Professional poker players pay close attention to discover "tells"—that is, giveaway signals that an opponent has a strong or weak hand. David Hayano, an anthropology professor who wrote a classic book on poker, says that classic amateur tells include smiling, touching one's nose, adjusting one's posture, and being chattier. And if you don't know how to look for tells, then Paul Newman has some advice: "If you're playing a poker game and you look around the table and and can't tell who the sucker is, it's you."
But tells might not only carry big stakes for poker players. A new NBER paper looks at how financial analysts look for "tells" during earnings conference calls with S&P 500 companies. During these calls, upper management (such as CEO, CFO, or chairpersons) brief investors and analysts on earnings and information that's relevant to the industry. Usually these calls begin with presentation information and end with a question and answer portion. For most companies, earnings calls are held for quarterly and yearly results.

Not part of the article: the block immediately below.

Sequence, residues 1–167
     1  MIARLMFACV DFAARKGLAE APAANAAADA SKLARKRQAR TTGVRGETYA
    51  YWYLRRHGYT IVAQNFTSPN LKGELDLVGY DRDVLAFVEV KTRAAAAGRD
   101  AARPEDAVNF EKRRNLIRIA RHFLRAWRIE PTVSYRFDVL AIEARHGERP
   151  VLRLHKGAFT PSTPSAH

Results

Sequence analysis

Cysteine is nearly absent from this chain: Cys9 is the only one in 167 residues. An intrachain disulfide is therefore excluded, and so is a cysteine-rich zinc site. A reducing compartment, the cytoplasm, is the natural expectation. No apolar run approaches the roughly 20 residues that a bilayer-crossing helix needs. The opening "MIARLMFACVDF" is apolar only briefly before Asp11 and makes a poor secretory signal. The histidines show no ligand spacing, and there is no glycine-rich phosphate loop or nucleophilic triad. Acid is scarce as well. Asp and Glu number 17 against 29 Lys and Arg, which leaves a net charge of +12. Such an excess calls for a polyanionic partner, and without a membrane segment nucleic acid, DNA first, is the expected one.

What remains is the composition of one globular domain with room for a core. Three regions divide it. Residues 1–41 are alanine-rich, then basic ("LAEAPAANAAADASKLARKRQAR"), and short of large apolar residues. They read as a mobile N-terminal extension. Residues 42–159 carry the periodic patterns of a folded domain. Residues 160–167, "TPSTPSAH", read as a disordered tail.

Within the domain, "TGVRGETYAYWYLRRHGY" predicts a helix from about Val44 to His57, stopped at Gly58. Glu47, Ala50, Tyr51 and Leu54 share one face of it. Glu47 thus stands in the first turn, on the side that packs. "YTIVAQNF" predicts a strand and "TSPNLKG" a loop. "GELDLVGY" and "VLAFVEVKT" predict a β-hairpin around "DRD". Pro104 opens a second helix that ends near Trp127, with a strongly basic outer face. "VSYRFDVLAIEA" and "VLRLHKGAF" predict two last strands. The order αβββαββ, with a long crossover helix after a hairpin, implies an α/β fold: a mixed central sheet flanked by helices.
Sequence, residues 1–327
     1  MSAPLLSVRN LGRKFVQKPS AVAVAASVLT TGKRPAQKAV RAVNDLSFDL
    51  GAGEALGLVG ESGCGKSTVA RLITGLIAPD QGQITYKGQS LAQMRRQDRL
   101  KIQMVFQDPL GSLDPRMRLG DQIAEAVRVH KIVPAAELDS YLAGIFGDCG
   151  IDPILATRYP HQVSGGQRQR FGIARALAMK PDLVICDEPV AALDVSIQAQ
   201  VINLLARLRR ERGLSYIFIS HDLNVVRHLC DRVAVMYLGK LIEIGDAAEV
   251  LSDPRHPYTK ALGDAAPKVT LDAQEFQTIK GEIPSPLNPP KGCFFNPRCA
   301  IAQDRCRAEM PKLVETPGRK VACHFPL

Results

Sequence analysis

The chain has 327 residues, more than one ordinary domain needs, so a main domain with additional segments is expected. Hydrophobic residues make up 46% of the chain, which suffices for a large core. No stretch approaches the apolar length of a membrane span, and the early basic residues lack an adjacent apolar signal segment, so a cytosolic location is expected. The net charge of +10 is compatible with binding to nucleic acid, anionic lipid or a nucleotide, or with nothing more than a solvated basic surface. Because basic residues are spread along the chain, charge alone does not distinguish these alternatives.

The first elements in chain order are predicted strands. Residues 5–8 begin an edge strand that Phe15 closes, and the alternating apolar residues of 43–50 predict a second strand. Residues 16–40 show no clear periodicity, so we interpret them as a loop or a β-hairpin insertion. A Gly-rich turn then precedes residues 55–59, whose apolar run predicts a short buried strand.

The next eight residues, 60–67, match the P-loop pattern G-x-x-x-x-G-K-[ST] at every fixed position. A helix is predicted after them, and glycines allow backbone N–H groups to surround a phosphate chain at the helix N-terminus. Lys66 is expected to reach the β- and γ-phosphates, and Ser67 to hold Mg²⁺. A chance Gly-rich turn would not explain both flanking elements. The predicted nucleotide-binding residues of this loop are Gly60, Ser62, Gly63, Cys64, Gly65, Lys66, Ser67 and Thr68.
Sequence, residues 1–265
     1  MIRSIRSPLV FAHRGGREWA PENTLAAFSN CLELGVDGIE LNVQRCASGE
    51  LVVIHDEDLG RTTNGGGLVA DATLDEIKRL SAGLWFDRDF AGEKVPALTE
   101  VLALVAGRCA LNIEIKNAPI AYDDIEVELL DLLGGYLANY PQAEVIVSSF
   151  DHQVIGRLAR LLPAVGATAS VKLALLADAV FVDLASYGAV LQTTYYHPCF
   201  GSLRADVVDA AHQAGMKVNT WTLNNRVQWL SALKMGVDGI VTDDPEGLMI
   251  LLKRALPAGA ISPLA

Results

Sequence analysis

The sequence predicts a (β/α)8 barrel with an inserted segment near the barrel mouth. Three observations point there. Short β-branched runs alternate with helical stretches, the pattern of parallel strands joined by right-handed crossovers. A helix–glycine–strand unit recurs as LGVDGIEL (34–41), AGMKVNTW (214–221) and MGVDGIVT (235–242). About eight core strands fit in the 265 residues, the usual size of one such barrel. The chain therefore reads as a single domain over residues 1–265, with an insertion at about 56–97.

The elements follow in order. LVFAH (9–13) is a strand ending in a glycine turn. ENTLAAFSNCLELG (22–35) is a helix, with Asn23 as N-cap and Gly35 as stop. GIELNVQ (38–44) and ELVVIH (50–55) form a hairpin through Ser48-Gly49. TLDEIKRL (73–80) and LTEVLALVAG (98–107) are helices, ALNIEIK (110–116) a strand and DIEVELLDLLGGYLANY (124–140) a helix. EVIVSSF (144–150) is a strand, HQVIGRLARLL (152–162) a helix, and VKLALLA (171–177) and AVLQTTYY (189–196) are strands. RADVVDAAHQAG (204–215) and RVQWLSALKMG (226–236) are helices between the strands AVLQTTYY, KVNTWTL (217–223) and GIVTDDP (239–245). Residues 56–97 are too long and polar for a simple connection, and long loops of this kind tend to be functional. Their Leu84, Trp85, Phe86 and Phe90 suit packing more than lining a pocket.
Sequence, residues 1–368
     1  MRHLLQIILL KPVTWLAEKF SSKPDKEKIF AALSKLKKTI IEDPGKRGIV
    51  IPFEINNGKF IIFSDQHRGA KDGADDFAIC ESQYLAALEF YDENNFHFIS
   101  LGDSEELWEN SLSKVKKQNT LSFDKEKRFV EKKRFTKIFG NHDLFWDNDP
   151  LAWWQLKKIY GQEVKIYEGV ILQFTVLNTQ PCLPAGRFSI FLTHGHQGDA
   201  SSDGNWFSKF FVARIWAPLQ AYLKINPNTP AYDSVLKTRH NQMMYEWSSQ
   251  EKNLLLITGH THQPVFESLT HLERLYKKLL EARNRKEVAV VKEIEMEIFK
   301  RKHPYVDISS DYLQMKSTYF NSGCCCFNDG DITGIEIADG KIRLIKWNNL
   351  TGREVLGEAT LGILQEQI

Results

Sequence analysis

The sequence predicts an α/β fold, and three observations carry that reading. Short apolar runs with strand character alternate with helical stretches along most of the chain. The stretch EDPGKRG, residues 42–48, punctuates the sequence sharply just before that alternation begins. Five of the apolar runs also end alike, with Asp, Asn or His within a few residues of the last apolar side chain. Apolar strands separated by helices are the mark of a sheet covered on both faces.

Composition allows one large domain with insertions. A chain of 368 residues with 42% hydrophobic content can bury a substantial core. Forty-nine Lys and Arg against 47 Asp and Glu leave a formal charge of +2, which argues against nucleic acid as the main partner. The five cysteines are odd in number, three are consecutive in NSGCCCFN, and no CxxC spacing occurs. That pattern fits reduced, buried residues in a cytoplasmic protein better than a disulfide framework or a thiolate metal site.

The researchers looked at earnings call transcripts over eight years, from 2004 to 2012, to look at how much concrete information was revealed on the call and what kind of unquantifiable information might also be gathered from the language used on the call. They found one major "tell": that excessive use of negative words, what the researchers call "tone surprise," can predict a company's future earnings.